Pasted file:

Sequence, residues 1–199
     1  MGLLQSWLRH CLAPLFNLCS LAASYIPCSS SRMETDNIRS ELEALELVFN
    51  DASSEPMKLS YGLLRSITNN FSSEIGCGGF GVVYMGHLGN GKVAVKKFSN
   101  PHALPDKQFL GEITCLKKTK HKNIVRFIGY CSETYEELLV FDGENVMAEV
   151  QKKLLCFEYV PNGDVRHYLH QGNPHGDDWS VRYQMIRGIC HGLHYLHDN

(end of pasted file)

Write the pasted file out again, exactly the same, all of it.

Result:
Sequence, residues 1–199
     1  MGLLQSWLRH CLAPLFNLCS LAASYIPCSS SRMETDNIRS ELEALELVFN
    51  DASSEPMKLS YGLLRSITNN FSSEIGCGGF GVVYMGHLGN GKVAVKKFSN
   101  PHALPDKQFL GEITCLKKTK HKNIVRFIGY CSETYEELLV FDGENVMAEV
   151  QKKLLCFEYV PNGDVRHYLH QGNPHGDDWS VRYQMIRGIC HGLHYLHDN